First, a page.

In the latest sign that North Korea may be trying to emerge from decades of self-imposed isolation, the communist country has reportedly embarked on a scheme to scrap its Soviet-style economy. There is little consensus among the experts about where the North appears to be heading with its economic reforms and why it waited until now to begin them.
It is unclear when North Korea first made its decision to overhaul its broken economy. But the news filtering out of the reclusive nation in recent weeks indicates that several radical market-based reforms are now taking place inside the highly secretive society.
Kathy Zellweger is the Hong Kong-based director for the Caritas aid organization. She has made numerous trips to the North and says economic changes were being discussed as early as February.
"When I was in North Korea in February and also in May, there was talk about a new salary system and markets being established in cities and town districts."
In one of its bolder moves, Pyongyang has stopped issuing ration coupons that its 22 million people used to purchase basic necessities, such as rice. Now, the government purchases rice from farmers who sell their crops at the so-called "farmers black markets," where costs are 10 times higher than what farmers can receive for selling rice to the state.
Some experts have interpreted the move as North Korea's desire to emulate China's shift from a central-planned economy to a market-oriented system. North Korean leader, Kim Jong-il, has visited China at least twice in the past two years to study its reforms.
But a North Korean expert, Professor Kwon Man-hak at Kyunghee University in South Korea, says he believes the government had no choice but to scrap the rationing system. He argues that Mr. Kim is desperate to assert control over the thriving black market, which is beginning to severely undermine the country's socialist system and erode his political power base.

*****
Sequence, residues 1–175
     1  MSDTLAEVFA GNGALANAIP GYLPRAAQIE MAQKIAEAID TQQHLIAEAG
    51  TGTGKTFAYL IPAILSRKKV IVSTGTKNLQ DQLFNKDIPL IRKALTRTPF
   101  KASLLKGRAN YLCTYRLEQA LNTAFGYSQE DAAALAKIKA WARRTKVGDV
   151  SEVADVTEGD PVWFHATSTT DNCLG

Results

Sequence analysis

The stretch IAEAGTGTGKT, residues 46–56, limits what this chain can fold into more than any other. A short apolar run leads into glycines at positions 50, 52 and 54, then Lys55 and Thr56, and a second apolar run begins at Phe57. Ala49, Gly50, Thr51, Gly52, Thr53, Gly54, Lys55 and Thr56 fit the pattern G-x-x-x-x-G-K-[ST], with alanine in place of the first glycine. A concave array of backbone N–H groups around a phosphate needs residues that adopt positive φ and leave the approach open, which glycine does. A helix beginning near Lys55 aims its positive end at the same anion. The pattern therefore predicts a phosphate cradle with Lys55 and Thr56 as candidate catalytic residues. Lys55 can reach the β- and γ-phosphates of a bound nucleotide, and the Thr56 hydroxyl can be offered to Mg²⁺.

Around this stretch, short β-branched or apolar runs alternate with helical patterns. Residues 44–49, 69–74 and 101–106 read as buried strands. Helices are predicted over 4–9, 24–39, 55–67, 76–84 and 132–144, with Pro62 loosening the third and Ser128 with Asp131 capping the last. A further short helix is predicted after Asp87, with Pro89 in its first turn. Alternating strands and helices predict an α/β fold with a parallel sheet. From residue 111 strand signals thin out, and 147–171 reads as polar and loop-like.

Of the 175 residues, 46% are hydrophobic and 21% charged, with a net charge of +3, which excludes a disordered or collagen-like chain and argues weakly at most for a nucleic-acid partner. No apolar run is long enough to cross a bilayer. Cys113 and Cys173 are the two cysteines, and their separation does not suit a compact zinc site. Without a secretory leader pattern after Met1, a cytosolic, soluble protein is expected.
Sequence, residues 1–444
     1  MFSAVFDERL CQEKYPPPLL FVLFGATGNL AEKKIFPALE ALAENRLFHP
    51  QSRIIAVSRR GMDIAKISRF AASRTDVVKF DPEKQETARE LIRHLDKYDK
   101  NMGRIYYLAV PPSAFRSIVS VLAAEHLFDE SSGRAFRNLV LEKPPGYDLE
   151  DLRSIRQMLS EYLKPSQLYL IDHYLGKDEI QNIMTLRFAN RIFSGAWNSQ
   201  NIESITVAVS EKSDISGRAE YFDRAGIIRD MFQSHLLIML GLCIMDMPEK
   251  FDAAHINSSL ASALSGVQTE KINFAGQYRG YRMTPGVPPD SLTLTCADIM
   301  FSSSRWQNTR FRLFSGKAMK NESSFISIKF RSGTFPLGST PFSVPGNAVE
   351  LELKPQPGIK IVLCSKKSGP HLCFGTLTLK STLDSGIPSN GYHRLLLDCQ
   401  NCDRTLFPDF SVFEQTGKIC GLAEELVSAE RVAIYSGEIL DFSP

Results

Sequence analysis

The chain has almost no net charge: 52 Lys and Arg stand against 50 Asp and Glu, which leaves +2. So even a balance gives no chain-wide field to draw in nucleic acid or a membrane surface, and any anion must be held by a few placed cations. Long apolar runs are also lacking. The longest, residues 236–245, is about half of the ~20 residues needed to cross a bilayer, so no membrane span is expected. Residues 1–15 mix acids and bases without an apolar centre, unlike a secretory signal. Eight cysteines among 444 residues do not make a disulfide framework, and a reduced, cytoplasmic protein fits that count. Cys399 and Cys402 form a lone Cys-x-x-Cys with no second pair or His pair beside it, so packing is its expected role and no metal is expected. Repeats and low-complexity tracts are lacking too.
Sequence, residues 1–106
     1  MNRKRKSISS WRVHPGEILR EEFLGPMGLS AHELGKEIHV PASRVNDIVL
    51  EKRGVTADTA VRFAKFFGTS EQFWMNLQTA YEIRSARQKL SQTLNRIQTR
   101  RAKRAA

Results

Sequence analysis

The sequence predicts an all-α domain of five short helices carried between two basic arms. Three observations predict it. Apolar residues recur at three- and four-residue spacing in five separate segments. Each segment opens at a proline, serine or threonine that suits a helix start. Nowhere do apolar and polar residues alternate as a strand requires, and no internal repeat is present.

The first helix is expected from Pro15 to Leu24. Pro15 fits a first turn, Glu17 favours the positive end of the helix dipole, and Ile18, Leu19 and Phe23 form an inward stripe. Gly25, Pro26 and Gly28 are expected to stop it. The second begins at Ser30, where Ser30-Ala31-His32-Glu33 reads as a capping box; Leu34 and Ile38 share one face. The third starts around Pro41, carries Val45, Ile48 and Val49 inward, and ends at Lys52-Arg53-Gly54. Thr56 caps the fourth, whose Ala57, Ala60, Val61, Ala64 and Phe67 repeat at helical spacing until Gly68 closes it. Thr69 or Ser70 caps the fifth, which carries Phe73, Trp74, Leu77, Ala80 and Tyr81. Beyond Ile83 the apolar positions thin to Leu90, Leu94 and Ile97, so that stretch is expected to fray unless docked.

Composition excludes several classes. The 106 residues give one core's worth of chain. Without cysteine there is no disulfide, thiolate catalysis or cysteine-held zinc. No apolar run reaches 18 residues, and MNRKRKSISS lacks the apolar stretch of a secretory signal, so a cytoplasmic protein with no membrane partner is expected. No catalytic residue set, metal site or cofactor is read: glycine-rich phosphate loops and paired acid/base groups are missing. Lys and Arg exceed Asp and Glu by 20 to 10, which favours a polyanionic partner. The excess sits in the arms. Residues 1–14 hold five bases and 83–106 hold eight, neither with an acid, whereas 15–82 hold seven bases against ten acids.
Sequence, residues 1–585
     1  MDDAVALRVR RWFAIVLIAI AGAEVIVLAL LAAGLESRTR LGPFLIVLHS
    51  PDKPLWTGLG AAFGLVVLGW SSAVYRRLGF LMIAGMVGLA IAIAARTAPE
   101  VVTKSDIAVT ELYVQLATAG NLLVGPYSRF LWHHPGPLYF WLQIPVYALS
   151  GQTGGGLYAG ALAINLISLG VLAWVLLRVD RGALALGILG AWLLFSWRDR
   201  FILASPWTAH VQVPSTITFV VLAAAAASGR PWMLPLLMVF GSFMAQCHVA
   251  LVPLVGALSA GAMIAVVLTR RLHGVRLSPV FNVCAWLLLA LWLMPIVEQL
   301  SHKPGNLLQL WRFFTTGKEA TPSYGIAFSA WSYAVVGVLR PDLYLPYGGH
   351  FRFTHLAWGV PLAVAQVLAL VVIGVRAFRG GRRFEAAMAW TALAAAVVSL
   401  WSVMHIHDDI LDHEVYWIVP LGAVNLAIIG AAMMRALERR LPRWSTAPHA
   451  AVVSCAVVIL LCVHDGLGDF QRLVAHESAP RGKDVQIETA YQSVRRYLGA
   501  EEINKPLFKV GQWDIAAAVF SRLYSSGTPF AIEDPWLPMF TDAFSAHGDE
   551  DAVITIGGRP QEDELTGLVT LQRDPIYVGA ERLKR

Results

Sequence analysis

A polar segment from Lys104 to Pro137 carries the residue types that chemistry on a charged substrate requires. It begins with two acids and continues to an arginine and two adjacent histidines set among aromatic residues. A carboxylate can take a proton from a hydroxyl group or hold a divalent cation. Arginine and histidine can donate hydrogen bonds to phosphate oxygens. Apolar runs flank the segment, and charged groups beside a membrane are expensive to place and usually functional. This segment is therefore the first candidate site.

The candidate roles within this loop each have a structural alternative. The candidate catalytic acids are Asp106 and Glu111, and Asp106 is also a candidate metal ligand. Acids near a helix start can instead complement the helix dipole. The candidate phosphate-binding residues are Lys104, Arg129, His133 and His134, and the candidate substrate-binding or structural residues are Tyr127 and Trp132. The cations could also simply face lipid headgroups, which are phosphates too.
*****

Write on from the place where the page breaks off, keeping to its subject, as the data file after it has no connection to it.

The private, illicit markets, selling homemade goods and goods smuggled in from across the border in China, sprang up after a severe famine hit the country in the mid-1990s. Aid agencies estimate the famine, brought on by years of mismanagement and series of natural disasters, have killed some two million people throughout the country.
"When the famine began in 1995, North Koreans were not prepared to secure food and other necessities, when they are not provided by the rationing system," Professor Kwon said. "So that year North Korea saw massive starvation. But since then, people have had to find ways to survive. If North Korea wants to stick to the socialist system, they would have to control the markets."
Authorities in Pyongyang have also sharply raised prices in government stores and have promised a 10-fold increase in North Korean wages. Salaries for military and government officials are to rise 14 to 17 times their current levels.
Last week, the U.N. Undersecretary General for Humanitarian Affairs, Kenzo Oshima, spent four days in the capital. He was the highest-ranking aid official to visit the North this year. He told reporters Monday that he believes Kim Jong Il's main objective is to increase food production by providing better economic incentives in the form of higher prices. Since the 1990s, North Korea has produced less food a year than its capitalist neighbor, South Korea, throws away in a month.
But skeptics say no matter what reforms are introduced, the suffering of the North's impoverished people will not end overnight. Crucial questions that remain unanswered are how the salary increases would be implemented and what would happen to those who, even with a wage increase, cannot afford food at the new prices. Furthermore, economists worry that the extra money the government needs to print to meet the wage increases could trigger runaway inflation, which would devastate the economy even more.
The bottom line, Kathy Zellweger says, is that no one really knows exactly what North Korea wants to achieve in its experiment with market reforms.
"It's still very unclear and it's still early to say much. Are they moving to a market economy? It's hard to say."
Meanwhile, the United Nations' World Food Program warns the North's famine situation remains critical. It estimates there are still more than one million malnourished children and elderly people in desperate need throughout the country. The agency recently announced that it would not be distributing any more food to them this year because of a major shortfall in donations.